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The Vault at PfaffsAn Archive of Art and Literature by the Bohemians of Antebellum New York
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						23
	   Her Tricks and Teaching.
and is now resident in England.          Mrs
G. has had all sorts of indefinite hankerings
after men, by the score, since her widowhood,
some more than equivocal, was  engaged to
be married  to two at the time of her recent
union with Griffin.    She visited a certain Mr.
Walker, who figured infamously and notoriously,
in a divorce case, at his office, spending several
hours there, once on Sunday, whence the child
May was returned by him in an omnibus, having
been savagely beaten by the mother.     She would
give such counsels to May as this:  You must
always say you love your uncle and aunts, but
in your heart you must hate them,  and this
before others.      She set her cap at  Warb.  or
Warburton Gouverneur, her husband s brother,
but he would have none of her.      The family
seem to have been unnaturally tolerant of her,
considering all sorts of persistent provocation.
During her last residence at 16th street, there
came to the house, from West Point, a certain
ex-cadet, who having graduated, occupied some
minor teaching position at the military academy,
with which youth   Mrs. Pot describes him as
a mere, callow, boy, mentioning him as Johnny
Upham, Mrs. G s  Johnny    the present Mrs.
Theodore Griffin had carried on a strong flir-
Page
Title:Thomas Butler Gunn Diaries, Volume Twelve: page thirty
Description:Describes a conversation with Mrs. Potter and Miss Cooper about Mrs. Theodore Griffin's past.
Date:1860-01-23
Subject:Gouverneur, May; Gouverneur, Mrs. (Gill, Griffin); Gouverneur, Warburton; Griffin, Theodore; Gunn, Thomas Butler; Potter, Mrs.; Upham, Johnny; Walker, Mr.; Women
Coverage (City/State):[New York, New York]
Coverage (Street):16th Street
Scan Date:2011-01-29

 

Volume
Title:Thomas Butler Gunn Diaries, Volume Twelve
Description:Includes descriptions of boarding house living, his freelance writing and drawing work, antics of the New York literary Bohemians, visits to the Edwards family, the activities of London detective Arthur Ledger who is staying in his boarding house, Thomas Nast's courtship of Sally Edwards, two masked balls at his boarding house, a visit to Lotty Granville at Fordham, the state of Charles Damoreau's marriage, and a visit to the ''Phalanx'' in New Jersey with George Boweryem.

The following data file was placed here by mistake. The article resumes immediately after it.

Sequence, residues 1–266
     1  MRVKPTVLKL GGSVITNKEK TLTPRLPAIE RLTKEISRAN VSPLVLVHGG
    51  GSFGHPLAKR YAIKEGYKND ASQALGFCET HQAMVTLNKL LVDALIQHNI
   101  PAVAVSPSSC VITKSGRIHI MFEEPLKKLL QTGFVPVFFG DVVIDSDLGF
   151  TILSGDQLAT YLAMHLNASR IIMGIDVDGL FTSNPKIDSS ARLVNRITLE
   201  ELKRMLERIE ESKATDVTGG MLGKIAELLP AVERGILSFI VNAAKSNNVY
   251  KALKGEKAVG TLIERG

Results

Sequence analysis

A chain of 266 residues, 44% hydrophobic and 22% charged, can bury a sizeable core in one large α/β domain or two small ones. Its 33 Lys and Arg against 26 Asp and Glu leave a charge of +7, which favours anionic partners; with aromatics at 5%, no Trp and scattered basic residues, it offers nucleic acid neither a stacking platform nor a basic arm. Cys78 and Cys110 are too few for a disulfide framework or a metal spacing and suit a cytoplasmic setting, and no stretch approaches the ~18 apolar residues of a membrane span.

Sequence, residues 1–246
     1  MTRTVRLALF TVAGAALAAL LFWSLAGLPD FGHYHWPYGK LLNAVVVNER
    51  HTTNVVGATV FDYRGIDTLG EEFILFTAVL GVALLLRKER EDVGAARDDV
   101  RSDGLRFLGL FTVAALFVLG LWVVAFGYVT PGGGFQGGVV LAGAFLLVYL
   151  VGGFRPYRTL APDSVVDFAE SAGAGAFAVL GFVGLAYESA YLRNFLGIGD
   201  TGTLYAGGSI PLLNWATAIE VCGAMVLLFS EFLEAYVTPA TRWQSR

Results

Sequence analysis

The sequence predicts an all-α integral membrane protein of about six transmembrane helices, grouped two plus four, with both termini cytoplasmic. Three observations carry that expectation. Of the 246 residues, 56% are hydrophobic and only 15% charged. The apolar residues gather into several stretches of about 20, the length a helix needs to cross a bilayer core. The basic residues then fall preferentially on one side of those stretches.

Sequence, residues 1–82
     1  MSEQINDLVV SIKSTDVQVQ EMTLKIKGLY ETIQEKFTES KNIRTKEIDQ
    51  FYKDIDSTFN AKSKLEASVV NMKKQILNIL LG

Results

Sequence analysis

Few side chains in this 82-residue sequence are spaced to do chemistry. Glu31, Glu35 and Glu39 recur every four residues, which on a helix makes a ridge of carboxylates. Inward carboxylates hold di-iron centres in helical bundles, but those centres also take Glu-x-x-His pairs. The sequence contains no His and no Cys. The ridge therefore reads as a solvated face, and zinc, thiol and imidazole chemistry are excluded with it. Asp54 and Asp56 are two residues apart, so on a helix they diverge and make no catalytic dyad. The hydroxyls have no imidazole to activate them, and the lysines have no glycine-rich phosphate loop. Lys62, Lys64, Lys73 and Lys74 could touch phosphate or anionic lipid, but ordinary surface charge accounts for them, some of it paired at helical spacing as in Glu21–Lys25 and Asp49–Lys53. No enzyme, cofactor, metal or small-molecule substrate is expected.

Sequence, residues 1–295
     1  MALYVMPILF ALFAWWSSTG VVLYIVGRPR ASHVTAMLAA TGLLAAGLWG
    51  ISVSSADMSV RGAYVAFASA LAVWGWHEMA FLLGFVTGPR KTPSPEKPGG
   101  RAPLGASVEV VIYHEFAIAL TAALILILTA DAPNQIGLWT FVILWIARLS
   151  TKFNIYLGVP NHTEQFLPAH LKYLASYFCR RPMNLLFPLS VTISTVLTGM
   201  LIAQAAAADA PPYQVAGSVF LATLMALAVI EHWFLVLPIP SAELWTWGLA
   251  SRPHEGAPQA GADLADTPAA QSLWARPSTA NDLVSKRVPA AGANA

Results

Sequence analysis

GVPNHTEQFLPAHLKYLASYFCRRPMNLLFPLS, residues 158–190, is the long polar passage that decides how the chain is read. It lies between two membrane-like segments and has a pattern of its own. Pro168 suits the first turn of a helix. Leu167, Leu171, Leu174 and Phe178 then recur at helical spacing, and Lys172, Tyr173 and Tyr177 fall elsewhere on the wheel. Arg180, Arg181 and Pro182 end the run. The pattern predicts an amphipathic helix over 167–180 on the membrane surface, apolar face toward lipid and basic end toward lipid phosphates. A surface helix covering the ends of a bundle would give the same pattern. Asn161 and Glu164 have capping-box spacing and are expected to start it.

Subject:Boardinghouses; Bohemians; Detectives; Gunn, Thomas Butler; Journalism; Marriage; Publishers and publishing; Travel; Women
Coverage (City/State):New York, New York; Fordham, New York; New Jersey
Note:Thomas Butler Gunn was born February 15, 1826, in Banbury, England, and came to New York in 1849. During the Civil War he worked as a correspondent for the New York Tribune and the New York Evening Post. He returned to England in 1863, and died in Birmingham in April 1903. The collection includes twenty-one volumes of his diaries, including newspaper clippings, letters, photographs, sketches, and various other items inserted by Gunn. Diary entries date from July 7, 1849, to April 7, 1863, and include his experiences with the New York publishing and literary world, his descriptions of boarding houses, his travels throughout the United States, and his experiences traveling with the Federal army as a Civil War correspondent.
Publisher:Missouri History Museum
Rights:Copyright 2011 Missouri History Museum.
Source:Page images, transcriptions, and metadata of the Thomas Butler Gunn diaries have been provided by the Missouri History Museum.